Upon returning from putting his laundry in the washers, he informed me that the white load was a bit small so he added some of the lighter towels (he knew to separate the colors).  After switching to the dryers, he shared that he managed to get three loads into two dryers, but was worried they would not get dry if he added the fourth, so he used a third dryer (he knew that the dryers hold more than the washers).  Upon returning from the washer trip, he set the oven timer to the correct load time (he knew exactly how long the washers took and set the timer accordingly -- he neglected to set the dryer time, but few examples are all-inclusive).

While all of this was happening, Rhubarb noticed that our visiting two-year old friend was getting tired and took him into another room to rock him to sleep.  She does this quite regularly with babies and somehow knows exactly how to lull them into dreamland, though no adult has ever explained how.

Blueberry, for her part, was explaining to her friend how worms create compost, both of them elbow high in worms and mulch from the worm bin.  Again, I was amazed at just how much information she had ascertained about worms (today, she was regaling her friend with stories of multiple hearts and highly nutritious poop).

I should remind you here that it was exactly this scenario that made me think of Leidloff's work.  Every moment doesn't look like this.  

But, if I am to be really honest and not worry about the deafening decibels of braggadocio flying around here, it looks like this more often than not.  Though it took Eggplant until his ninth birthday to really master reading, he started cooking full, nutritious meals when he was about five and can moderate a dispute amongst peers with dignity and grace.  While I'd love to have bragging rights regarding Rhubarb's current spelling skills, I feel completely comfortable asking her to execute the details of a grocery shopping trip, including the exchange of money.  And Blueberry?  Well, I did trust her to remove two stitches from my nose and she has full access to and use of an array of chemicals and medical instruments.  Her printing?  Así así.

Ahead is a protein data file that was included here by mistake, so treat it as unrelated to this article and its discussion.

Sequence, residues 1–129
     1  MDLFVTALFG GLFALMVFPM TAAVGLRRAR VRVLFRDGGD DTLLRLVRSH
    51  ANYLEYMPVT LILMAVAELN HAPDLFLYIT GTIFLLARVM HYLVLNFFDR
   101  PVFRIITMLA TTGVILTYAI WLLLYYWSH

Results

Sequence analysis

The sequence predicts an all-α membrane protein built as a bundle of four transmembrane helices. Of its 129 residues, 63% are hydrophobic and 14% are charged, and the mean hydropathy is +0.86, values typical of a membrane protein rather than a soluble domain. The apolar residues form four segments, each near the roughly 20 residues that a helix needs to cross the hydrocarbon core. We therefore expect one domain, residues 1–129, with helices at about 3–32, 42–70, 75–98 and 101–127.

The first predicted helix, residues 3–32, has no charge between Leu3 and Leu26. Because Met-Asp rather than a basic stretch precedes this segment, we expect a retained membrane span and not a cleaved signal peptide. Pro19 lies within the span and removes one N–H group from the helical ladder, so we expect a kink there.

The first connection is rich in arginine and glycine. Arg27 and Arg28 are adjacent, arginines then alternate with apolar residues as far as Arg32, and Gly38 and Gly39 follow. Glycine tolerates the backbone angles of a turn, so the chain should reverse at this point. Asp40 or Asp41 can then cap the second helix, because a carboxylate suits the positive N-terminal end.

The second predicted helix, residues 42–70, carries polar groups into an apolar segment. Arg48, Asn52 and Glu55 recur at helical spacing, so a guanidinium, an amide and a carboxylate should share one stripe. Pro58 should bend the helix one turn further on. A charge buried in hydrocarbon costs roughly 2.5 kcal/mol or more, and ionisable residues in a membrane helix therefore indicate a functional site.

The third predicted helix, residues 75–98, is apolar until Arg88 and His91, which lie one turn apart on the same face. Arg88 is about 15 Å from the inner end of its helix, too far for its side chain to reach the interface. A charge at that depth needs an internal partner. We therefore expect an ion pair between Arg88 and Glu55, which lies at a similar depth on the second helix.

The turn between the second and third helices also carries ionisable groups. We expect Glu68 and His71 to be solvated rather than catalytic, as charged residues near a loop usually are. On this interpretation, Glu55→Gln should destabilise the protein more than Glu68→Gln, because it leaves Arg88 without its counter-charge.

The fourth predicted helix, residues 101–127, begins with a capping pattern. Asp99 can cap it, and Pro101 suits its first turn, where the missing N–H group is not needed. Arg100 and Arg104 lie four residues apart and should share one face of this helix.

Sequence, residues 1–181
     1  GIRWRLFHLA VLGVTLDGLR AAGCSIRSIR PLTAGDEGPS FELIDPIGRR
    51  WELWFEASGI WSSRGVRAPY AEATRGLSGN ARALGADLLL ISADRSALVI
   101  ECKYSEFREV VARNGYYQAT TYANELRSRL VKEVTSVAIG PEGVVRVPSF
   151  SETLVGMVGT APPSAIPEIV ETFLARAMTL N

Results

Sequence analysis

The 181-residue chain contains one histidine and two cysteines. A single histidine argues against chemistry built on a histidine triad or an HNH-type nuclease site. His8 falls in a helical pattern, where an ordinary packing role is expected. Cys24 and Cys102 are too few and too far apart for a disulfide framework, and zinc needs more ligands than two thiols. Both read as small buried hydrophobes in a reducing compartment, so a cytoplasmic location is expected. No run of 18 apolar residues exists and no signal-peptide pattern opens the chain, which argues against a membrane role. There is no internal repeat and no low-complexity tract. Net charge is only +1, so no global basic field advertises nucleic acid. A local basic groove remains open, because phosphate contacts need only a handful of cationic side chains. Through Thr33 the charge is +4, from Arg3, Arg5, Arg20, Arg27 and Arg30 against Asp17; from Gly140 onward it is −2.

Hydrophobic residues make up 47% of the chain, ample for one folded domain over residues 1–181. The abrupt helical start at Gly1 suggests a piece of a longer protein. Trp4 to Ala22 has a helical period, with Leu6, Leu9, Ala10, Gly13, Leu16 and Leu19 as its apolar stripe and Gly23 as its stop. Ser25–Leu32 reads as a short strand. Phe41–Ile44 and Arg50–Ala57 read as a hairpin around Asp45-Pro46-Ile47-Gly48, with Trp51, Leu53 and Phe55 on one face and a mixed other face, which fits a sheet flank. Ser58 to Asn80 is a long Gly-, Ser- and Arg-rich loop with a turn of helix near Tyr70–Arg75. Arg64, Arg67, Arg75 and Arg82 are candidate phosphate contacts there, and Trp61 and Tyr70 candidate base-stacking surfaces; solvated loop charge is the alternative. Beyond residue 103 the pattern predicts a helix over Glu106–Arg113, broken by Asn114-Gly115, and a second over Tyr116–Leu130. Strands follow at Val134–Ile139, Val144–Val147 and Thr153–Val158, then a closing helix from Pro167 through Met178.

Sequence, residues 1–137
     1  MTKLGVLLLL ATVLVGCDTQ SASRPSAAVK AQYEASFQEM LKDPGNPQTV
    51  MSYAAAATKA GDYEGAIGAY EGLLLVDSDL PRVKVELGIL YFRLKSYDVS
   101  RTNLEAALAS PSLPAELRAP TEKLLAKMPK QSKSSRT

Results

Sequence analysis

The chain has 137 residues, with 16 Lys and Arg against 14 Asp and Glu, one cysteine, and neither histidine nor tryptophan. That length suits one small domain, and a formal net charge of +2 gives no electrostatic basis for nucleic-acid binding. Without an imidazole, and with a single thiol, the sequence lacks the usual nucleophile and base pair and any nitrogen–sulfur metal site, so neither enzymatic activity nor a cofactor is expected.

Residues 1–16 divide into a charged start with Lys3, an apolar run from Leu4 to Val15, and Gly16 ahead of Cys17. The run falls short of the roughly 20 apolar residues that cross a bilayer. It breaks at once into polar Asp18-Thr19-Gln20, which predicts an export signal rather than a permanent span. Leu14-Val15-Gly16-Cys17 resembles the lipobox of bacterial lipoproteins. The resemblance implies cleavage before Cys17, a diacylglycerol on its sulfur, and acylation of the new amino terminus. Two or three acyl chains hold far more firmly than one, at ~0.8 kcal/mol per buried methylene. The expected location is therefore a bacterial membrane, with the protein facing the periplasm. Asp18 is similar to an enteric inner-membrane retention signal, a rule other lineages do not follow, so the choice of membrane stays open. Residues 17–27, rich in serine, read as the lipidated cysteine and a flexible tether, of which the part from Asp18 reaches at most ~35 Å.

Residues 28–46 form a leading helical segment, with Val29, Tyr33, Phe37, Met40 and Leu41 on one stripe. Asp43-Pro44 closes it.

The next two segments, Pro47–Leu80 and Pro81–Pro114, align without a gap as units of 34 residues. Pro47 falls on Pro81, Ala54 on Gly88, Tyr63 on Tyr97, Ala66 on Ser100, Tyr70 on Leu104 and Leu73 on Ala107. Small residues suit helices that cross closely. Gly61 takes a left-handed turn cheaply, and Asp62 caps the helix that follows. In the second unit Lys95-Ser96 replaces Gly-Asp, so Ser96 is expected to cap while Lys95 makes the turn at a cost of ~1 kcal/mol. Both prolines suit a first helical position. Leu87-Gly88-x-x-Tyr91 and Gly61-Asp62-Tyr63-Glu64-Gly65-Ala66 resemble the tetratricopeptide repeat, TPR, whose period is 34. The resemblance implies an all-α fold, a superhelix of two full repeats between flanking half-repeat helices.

My point is that many of these experiences that our children will need to master someday, should they desire to function in normal society, are being taught as subjects in a text book.  Is it any wonder that the stereotype of the college freshman with an entire wardrobe in pink and a kitchen stocked with boxes of Mac-n-Cheese remains pervasive?  

My sense is that an ideal public school would last fewer hours and drop a good deal of its required homework in favor of life experiences, culled from relationships with influential adults in the child's life.  It would also need to reconsider its priorities and eliminate arbitrary academic timelines.  I mean, is it really important that children start reading in kindergarten?  Many are simply not developmentally ready for that.  But, I bet, given the chance, a large percentage would love to learn how to take a garden from seed to plant.  Likewise, while academic standards require mastery of certain math skills by certain ages, few curricula offer students the opportunities to implement such math skills in their daily lives.  Were they given the opportunity to, say, help build something or buy something, those math skills might be more easily assimilated.

My final surprise for the day came when Eggplant announced that he'd like to do all his own laundry from now on.  He received no argument from me, but I did inquire as to why.  "It's fun." he replied, "Plus, it's about time I do my own laundry, don't you think?"